Day one of Cape Breton Highlands National Park

From Boutouche I headed into Nova Scotia and arrived at St Anns, Cape Breton Island, to a perfect sunset over St Anns Harbour. The Cabot Trail was on my doorstep, but a few kilometres up the Trans-Canada Highway, a ferry crossed the harbour to a restaurant further north where I had breakfast next morning before tackling the national park.

On the northern end of Nova Scotia’s Cape Breton Island was 950 square kilometres of Cape Breton Highlands National Park. The park was home to three different types of forests—Acadian, Boreal, and Taiga. The Cabot Trail cut through the park following the coast and highlands. Twenty-six trails were marked on the park’s brochure, so I began on the western side of the park against rugged cliffs facing the Gulf of St Lawrence that covered a quarter of a million square kilometres and bordered five Canadian provinces.

I hiked the short Bog Trail before entering the seven-and-a-half-kilometre Skyline Trail. At the trail entrance a weird sound like the twang of an elastic band came from a nearby brook, the same as I’d heard along the Bog Trail. They were frogs calling to each other—not croaking like the sound I’d grown up hearing. 

Much of the Boreal forest had been depleted by hungry moose so a section had been fenced off to allow newly planted trees to survive. Because the moose had no predators in the park, their numbers had increased along with grasslands rather than forest. Budworm infestations had also taken its toll on the Boreal Forest. Beyond the fenced off section, the trail dipped to the edge of a cliff. Anyone suffering from acrophobia might have found this section daunting because not far along the wooden trail, the land dropped more than one hundred metres on both sides.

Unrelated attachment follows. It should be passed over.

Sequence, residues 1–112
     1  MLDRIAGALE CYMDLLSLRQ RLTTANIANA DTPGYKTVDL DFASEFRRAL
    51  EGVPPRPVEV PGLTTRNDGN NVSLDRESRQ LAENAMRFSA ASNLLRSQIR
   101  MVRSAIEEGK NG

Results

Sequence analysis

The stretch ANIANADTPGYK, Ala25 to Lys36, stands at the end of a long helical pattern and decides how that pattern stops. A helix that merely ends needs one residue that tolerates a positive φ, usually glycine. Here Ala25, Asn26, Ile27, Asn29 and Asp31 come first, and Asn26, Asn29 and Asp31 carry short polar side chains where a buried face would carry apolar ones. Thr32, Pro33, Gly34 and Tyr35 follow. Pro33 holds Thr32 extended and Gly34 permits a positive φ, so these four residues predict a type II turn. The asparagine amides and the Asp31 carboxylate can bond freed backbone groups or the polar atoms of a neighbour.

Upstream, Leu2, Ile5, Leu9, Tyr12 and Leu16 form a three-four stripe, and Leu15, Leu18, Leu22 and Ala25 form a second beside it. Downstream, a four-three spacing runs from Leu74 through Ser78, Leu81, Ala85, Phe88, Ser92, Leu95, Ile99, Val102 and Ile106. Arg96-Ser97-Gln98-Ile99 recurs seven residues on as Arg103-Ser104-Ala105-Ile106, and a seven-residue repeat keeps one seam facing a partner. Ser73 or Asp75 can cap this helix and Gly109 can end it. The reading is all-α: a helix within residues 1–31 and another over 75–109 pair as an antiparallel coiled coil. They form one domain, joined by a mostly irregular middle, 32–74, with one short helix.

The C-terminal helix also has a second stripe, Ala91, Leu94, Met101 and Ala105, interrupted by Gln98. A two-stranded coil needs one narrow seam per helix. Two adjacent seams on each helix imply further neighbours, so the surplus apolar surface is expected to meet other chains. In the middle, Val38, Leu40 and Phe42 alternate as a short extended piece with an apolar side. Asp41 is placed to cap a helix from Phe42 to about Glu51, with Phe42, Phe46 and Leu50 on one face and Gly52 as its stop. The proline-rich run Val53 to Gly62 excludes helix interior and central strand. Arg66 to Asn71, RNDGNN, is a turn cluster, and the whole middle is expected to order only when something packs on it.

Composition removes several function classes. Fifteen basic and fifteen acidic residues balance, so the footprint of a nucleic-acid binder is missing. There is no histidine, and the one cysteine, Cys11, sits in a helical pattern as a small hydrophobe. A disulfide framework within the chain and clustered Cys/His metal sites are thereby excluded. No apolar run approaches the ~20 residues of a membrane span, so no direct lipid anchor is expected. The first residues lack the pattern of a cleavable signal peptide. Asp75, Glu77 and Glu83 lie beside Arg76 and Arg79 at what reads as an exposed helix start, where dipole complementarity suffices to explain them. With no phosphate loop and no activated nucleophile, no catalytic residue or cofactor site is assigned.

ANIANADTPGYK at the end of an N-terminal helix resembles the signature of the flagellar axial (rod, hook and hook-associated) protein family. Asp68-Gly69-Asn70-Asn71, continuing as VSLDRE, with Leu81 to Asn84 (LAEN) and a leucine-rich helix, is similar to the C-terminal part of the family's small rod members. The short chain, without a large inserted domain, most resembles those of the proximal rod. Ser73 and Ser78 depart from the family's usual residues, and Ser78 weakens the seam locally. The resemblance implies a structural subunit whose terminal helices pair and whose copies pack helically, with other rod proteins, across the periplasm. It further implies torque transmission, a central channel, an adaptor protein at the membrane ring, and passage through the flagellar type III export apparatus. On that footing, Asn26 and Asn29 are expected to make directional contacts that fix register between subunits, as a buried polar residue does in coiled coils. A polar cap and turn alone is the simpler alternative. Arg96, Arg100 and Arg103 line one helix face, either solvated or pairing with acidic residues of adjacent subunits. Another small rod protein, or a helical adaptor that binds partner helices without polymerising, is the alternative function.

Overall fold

Also on the western side was MacIntosh Brook, an under two-kilometre hike through lush forest and running water. This was one of the most beautiful hikes through an old growth hardwood forest to the MacIntosh Brook Waterfall. Unlike the Skyline Trail that had been full of hikers, there was almost no one along this trail. It had been an extra warm hike on the Skyline Trail because there had been little shade, but MacIntosh Brook was shady all the way along the creek and back—the perfect hike to end the day.